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JOHNSON v. WILLS MEMORIAL HOSPITAL & NURSING HOME.
71098.
BENHAM, Judge.
Wrongful death. Wilkes Superior Court. Before Judge Davis.
Appellant Johnson filed a wrongful death suit against appellee following the death of appellant's husband, a patient at the hospital. This appeal is from a judgment entered in favor of appellee hospital after the jury returned a defendant's verdict.
1. On appeal, appellant questions the trial court's denial of her motion for new trial, which was grounded on the assertion that the evidence was insufficient to authorize a verdict for the hospital. See OCGA 5-5-21. "After the verdict of a jury has been returned the evidence is construed most favorably to the prevailing party as every presumption and inference is in favor of the verdict. [Cits.]" Hill Aircraft &c. Corp. v. Tyler, 161 Ga. App. 267 (1) (291 SE2d 6) (1982). A review of the trial transcript with this standard in mind reveals that appellant's decedent, Columbus Johnson, was admitted to appellee hospital on January 2, 1979, complaining of stomach pains and weakness. Various tests were run, with results within normal range. The decedent was given fluids intravenously to treat dehydration. At 11:00 p.m. on January 4, appellant's decedent left his room and, pushing the stand upon which his intravenous fluids were suspended and swinging a water pitcher, ran down the hospital corridor toward the hospital exit, yelling, "Help me." Two sheriff deputies who were at the hospital on another matter stopped Mr. Johnson's flight and returned him to his room, despite his resistance. The supervising nurse called Mr. Johnson's physician, who ordered an injection of sodium amytal to sedate the patient. A nurse attempted to give the medication to the patient through the intravenous apparatus, but due to the patient's thrashing about, most of the sodium amytal was injected subcutaneously rather than intravenously. At 11:30 p.m., the patient was standing in the doorway of his room, "very agitated." Near midnight he was seen walking in his room, calmer and speaking coherently. An orderly was stationed in the corridor to ensure that the patient remained in his room. Another nurse looked in on Mr. Johnson at 12:00 a.m. and saw him lying on his bed, fully clothed. At 2:40 a.m., the orderly reported that Mr. Johnson's room was empty and that the window was open and the screen cut. He was found approximately 8-1/2 hours later in the yard of a nearby residence and returned to the hospital, where he was pronounced dead on arrival. His treating physician diagnosed the cause of death as overexposure to cold, but no autopsy was conducted.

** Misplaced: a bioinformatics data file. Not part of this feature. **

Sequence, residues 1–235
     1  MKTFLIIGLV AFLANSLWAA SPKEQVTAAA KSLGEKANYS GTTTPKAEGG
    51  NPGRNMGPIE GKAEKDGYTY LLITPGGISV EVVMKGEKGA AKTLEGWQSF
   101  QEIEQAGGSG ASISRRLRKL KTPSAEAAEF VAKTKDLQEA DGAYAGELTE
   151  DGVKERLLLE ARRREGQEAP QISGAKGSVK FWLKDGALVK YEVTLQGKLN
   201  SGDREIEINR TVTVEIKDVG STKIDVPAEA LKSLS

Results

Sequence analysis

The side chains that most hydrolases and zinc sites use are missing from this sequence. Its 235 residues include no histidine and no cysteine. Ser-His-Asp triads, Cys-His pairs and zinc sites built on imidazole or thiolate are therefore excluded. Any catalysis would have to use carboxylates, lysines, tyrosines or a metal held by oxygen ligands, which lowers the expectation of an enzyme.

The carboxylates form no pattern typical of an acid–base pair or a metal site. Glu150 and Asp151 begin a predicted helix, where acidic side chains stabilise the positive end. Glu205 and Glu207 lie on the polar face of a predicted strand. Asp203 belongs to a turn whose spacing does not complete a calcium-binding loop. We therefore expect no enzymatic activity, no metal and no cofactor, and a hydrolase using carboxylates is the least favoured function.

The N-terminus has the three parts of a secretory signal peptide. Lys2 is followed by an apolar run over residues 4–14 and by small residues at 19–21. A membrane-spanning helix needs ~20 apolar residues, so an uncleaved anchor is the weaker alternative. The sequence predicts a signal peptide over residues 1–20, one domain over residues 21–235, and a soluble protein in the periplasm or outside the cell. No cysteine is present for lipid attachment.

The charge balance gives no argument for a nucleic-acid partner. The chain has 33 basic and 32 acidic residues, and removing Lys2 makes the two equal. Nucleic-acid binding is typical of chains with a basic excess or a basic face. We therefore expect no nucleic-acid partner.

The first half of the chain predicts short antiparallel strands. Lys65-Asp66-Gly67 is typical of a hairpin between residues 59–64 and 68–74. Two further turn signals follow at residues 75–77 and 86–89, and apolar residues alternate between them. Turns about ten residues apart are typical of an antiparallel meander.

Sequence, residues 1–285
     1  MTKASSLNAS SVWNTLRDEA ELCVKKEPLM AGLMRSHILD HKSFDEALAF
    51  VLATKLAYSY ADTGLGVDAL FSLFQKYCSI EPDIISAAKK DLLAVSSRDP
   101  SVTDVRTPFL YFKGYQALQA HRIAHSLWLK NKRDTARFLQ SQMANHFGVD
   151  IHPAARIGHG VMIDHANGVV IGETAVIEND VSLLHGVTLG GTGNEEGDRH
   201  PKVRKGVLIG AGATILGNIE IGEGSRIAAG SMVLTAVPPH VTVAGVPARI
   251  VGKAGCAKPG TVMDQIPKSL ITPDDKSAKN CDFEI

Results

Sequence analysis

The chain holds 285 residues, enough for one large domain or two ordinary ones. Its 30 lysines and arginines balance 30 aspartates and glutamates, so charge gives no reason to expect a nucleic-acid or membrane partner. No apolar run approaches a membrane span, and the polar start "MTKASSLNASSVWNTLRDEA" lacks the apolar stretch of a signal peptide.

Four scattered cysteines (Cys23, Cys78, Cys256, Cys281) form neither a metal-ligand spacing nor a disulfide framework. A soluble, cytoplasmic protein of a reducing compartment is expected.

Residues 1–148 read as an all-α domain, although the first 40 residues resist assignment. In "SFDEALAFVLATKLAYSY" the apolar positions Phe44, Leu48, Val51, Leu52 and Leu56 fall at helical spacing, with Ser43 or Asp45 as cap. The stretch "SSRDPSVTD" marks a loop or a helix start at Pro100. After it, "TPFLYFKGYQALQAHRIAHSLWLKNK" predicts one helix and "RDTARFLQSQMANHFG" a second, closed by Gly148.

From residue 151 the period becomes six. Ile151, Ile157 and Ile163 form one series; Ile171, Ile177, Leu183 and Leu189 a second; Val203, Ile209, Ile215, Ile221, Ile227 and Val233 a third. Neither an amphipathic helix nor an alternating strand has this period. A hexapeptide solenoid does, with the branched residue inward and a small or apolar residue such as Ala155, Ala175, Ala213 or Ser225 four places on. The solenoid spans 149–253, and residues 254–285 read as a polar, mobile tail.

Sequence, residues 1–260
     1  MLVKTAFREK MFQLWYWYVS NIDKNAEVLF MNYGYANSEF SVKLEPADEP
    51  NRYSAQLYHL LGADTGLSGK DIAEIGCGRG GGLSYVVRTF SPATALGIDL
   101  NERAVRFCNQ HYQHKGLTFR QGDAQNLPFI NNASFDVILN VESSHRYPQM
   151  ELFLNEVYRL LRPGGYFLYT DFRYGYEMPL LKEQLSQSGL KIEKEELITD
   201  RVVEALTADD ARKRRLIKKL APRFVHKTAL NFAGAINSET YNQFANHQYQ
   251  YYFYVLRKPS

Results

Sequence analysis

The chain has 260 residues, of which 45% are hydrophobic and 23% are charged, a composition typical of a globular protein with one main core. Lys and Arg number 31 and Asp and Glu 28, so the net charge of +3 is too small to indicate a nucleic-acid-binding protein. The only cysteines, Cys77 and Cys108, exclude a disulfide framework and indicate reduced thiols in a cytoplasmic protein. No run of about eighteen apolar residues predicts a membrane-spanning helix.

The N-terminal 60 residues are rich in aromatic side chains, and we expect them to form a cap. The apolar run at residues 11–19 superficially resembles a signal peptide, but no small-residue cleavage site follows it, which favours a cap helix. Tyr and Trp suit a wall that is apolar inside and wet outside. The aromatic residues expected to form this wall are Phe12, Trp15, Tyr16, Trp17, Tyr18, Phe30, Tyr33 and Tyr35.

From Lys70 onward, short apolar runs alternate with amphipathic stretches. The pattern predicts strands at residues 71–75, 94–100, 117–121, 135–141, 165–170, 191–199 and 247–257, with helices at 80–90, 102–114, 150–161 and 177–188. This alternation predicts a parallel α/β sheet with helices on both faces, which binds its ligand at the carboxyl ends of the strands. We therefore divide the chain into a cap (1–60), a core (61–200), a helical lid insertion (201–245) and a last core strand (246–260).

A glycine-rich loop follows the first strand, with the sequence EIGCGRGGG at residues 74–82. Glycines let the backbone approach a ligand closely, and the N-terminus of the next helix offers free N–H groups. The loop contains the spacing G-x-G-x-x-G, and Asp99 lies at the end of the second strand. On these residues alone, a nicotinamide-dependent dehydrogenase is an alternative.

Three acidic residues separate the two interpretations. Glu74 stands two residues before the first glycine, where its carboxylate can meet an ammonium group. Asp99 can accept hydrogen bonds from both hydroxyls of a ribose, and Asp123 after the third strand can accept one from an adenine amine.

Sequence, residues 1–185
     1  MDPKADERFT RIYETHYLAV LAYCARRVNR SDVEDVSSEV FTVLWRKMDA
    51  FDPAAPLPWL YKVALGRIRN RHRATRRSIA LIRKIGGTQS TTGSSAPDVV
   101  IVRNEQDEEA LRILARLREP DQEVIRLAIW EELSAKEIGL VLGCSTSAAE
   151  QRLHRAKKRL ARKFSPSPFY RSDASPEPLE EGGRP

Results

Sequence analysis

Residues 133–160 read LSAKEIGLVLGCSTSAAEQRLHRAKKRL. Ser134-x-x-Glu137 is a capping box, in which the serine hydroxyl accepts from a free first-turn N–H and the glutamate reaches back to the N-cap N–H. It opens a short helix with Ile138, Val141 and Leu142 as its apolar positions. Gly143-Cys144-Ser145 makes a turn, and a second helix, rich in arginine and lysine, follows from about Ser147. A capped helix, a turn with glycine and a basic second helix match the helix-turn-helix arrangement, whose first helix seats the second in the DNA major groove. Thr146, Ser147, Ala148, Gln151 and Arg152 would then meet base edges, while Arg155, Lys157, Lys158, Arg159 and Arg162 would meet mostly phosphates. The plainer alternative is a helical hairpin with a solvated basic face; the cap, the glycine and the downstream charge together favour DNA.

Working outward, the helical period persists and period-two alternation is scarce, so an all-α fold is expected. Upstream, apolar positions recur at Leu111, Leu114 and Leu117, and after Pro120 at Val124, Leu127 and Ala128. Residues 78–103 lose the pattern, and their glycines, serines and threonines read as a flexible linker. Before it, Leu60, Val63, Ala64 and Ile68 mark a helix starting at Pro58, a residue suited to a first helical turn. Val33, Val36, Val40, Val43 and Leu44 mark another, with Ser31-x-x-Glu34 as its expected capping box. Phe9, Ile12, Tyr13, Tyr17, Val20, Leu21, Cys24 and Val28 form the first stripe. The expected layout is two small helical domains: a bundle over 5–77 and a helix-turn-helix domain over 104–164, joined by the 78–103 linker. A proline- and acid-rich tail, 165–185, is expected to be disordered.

At trial, appellant attempted to show that the hospital, acting through its personnel, had breached its duty of care by failing to fully inform the treating physician of the patient's condition and by failing to treat the patient as the physician had directed. Appellant also alleged that the hospital had breached its duty by failing to monitor and protect Mr. Johnson. Appellant presented an expert witness who opined that the nursing personnel failed to adequately communicate with the treating physician and that the failure to communicate violated the general nursing standard of care. However, two physicians, qualified as expert witnesses for appellee, were of the opinion that the nursing and hospital care rendered Mr. Johnson was in accordance with the standard of hospital care administered to patients in the area and in accordance with generally recognized nursing care. Since "it cannot be said that the verdict of the jury was contrary to the evidence and without evidence to support it" ( Hill Aircraft, supra), we cannot say that the trial court erred in denying appellant's motion for new trial.